U-M human embryonic stem cell line placed on national registry
The University of Michigan’s first human embryonic stem cell line will be placed on the U.S. National Institutes of Health’s registry, making the cells available for federally-funded research. It is the first of the stem cell lines derived at the University of Michigan to be placed on the registry.
A stem cell line is a family of constantly dividing cells, the product of a single group of stem cells. The cells can replicate for long periods of time in a research lab.
“This is significant, because acceptance of these cells on the registry demonstrates our attention to details of proper oversight, consenting, and following of NIH guidelines established in 2009,” says Gary Smith, Ph.D., who derived the line and also is co-director of the U-M Consortium for Stem Cell Therapies, part of the A. Alfred Taubman Medical Research Institute.
“It now makes the line available to researchers who can apply for federal funding to use it in their work; this is an important step.”
Researchers envision a future where “normal” stem cell lines and disease-specific stem cell lines can be used together to discover treatments and cures for genetic diseases.
Anatomical Donations Program gives students foundation for careers in medicine
Medical student Halley Crissman’s first patient was an 80-year-old male with a history of cancer. But before she even began her basic anatomy class, the patient gave Crissman an amazing gift: his body for study.
“We were told by our professors on the first day that the body we were receiving for anatomy was our first patient,” says Crissman. “My experiences learning anatomy through my donor have been humbling and moving.”
Crissman is one of several hundred U-M undergraduate students, medical students and researchers who benefit every year from body donations to U-M’s Anatomical Donations Program. Anatomy, the study of the structure of the human body, is one of the most important courses in the education of physicians, dentists, and other health professionals such as nurses and physical therapists. In most of these fields, the study of anatomy comes first in the curriculum and serves as the foundation for other courses.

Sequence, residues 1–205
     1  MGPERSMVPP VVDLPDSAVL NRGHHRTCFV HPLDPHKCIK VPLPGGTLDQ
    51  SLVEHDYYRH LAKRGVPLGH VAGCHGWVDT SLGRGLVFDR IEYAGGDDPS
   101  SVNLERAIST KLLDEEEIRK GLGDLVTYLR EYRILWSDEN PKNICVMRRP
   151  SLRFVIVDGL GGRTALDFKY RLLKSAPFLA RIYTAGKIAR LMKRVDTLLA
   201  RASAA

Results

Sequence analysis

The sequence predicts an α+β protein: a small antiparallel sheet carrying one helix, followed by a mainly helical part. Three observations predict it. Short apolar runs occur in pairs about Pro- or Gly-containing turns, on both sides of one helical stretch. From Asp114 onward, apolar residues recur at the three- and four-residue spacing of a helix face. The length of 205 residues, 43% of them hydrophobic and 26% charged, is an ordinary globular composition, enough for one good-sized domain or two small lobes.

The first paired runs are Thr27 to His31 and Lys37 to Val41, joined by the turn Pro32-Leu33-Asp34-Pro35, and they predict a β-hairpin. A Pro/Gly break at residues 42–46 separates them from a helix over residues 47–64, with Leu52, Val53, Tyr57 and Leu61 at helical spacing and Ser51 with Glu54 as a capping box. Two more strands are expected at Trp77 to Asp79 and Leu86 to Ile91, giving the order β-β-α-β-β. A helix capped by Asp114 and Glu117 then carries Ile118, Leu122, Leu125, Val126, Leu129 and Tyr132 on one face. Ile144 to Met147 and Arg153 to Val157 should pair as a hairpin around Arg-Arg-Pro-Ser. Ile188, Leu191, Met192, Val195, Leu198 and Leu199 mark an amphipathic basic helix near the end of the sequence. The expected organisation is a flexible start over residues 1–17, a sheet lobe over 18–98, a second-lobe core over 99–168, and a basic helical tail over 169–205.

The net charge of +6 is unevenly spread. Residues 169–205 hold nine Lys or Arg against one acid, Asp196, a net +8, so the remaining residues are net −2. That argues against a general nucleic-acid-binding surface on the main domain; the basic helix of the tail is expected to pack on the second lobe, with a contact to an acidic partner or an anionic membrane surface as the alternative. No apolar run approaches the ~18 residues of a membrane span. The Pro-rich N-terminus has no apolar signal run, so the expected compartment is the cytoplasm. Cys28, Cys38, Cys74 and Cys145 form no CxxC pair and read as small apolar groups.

“Working with the body . . . it’s easy and hard at the same time,” says the first-year medical student. “You’re working on the hand, for instance, and you realize this is someone who used their hands for all kinds of things. It does take you aback. But to view the internal structures—there’s no comparison. There’s an amazing difference between looking at the real thing and an artist’s rendition.” Read the rest of this entry »
U-M nurse anesthetist helps those in need at work, at home, around the globe
It’s not unusual for Elizabeth Studley to spend the majority of her day helping others.
As a nurse anesthetist at C.S. Mott Children’s and Von Voigtlander Women’s Hospital, as well as Henry Ford Hospital, Studley closely monitors multiple patients each day making sure they are safe, comfortable and relaxed.
Working alongside an anesthesiologist, she administers pain control and relief for people of all ages.
“I try to help patients have a great experience from the moment we meet before surgery until when they wake up in the recovery room,” she says.
It took several moving trucks to transport boots, jeans, shirts, MP3 players and more from Studley’s Canton home to the New Directions orphanage last December. She holds similar drives before the children return to school each fall.
Studley’s determination to help others doesn’t diminish when she leaves work. Throughout the year she volunteers at New Directions, an orphanage on an 80-acre campus in Farmington, run by Lutheran Child and Family Service of Michigan. Each holiday season, she encourages co-workers, friends and family to donate to the orphanage so that each of its 200 kids has a great holiday. Since 2008, Studley has raised approximately $35,000 a year in gifts and clothing. Read the rest of this entry »
Understanding precautions to stop the spread of potentially deadly infections
An emerging breed of germs is concerning patients, health care workers and health care organizations alike. They are called MDRO infections, for multi-drug resistant organisms, and what makes them so scary is they are very difficult to treat with standard antibiotics.
“The Health System effectively prevents outbreaks of dangerous infections among its patient population,” says Lisa Sturm, MPH, CIC, Infection Control and Epidemiology. “Yet, individual cases of these infections appear every month that can become serious and even fatal if not detected early or if a patient’s immune system is compromised.”
The good news is that, most of the time, MDRO infections are preventable if health care workers take the proper Contact Precautions outlined in the recently updated policy. The challenge is ensuring compliance during a caregivers busy and, often times, urgent workday.